A particular importance in relation to this procedure has been put  by CED to states parties where the situation of enforced disappearances is particularly worrisome. The case of Mexico is significative, while for a long time it opposed, in principle, to recognizing the competence of the organs of human rights treaties to receive inter-State complaints, given that these complaints tend to be politicized. [85] Recently, the unanimous decision by the Mexican Senate to recognize the competence of the CED to examine individual complaints has been welcomed as a significant step in the country’s human rights development. [86] When this procedure will enter into force, it will be interesting to follow the fulfilment of the expectation for an overwhelming flow of individual communications coming from this state party.

(c) Visits

By virtue of article 33 of the Convention, the Committee is empowered to receive information concerning allegations that a State party is seriously violating the Convention and request, if it is satisfied that the information received is reliable, one or more of its members to undertake a visit to the State party concerned and report back without delay. CED has considered that the conditions to conduct a visit are fulfilled in the case of Mexico and has started a communication with the state party in May 2013, followed by systematic reminders. On 17 May 2018, the state indicated to CED in a written submission that it was not in a position to accept the request of the Committee to undertake a visit to the State party. However, it expressed its willingness and commitment to continue the cooperation and dialogue with the Committee. [87]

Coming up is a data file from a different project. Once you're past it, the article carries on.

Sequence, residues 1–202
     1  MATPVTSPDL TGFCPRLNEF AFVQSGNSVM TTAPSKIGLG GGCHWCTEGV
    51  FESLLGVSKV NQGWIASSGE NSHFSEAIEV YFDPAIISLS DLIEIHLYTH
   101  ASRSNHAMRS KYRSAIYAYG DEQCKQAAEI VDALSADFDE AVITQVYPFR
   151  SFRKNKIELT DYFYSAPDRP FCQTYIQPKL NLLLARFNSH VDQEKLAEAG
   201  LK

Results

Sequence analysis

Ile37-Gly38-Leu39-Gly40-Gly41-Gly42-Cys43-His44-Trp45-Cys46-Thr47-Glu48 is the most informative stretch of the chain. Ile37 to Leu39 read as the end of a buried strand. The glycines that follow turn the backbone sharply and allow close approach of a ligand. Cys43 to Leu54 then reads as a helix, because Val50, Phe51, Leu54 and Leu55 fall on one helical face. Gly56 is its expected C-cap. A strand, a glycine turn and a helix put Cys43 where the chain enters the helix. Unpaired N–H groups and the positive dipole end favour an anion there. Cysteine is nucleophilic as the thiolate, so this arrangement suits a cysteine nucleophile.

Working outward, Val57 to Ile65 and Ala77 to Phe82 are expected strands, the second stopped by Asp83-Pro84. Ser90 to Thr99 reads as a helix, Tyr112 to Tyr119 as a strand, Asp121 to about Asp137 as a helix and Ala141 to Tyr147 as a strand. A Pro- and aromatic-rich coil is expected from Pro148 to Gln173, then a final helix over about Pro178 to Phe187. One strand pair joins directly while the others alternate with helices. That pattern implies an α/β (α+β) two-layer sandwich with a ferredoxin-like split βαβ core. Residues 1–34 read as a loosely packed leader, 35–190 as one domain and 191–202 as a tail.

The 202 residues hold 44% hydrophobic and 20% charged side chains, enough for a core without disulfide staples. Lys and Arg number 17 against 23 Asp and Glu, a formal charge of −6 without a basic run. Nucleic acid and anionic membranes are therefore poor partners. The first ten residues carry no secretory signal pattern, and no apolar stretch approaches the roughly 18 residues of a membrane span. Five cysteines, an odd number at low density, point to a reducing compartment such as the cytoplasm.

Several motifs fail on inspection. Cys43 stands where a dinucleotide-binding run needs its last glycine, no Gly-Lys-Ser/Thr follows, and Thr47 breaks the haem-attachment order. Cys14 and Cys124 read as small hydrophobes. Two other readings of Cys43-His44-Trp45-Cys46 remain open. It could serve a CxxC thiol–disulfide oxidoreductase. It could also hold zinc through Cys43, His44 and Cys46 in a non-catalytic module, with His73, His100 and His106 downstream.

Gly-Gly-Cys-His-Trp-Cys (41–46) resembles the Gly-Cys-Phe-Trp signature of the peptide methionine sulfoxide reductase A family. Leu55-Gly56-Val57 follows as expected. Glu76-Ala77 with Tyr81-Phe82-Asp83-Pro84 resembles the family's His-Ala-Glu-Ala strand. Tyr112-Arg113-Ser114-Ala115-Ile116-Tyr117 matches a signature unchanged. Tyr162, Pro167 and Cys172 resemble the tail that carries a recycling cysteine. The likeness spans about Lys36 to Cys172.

(d) Overdue reports

As a new treaty body, CED has not experienced backlog, but it is trying to deal with a number of overdue State Party reports. It has discussed a strategy to elicit the submission of overdue reports and took a decision to considered the possibility of examining States parties in the absence of a report in cases where the report had been overdue for more than five years.

The Committee may also notify the defaulting State party that it intends, on a specified date, to examine in public session the measures taken by the State party to implement its obligations under the Convention, in the absence of a report. In the letter notifying the state party of its intention to carry out a review in the absence of the report, the Committee may also include a list of issues on which the Committee may wish to focus the review of the report. In this letter, the Committee will also invite the state party concerned to send a delegation to participate during the review. If the state party is not represented, the Committee may decide to proceed with the review, or it may notify the state party of a new date for consideration.  The Committee will transmit the adopted Concluding Observations to the state party concerned. The methods of work have been adopted accordingly to this procedure and the Committee decided to put it into place with the first countries, but due to shortages in human resources in the secretariat, the Committee decided to postpone the adoption of a list of issues in the absence of the report of Nigeria to a later date.[88]


(e) Mechanism under article 34 of the Convention to address widespread or systematic enforced disappearances

Pursuant to article 34 of the Convention, CED is empowered to receive and consider information which appears to it to contain well-founded indications that enforced disappearance is being practiced on a widespread or systematic basis in the territory under the jurisdiction of a state party and may, after seeking relevant information from the state party concerned on the situation, urgently bring the matter to the attention of the General Assembly.

CED needs to reflect on the conditions to put into motion this important mechanism which has not been yet used in practice.

(f) Education and training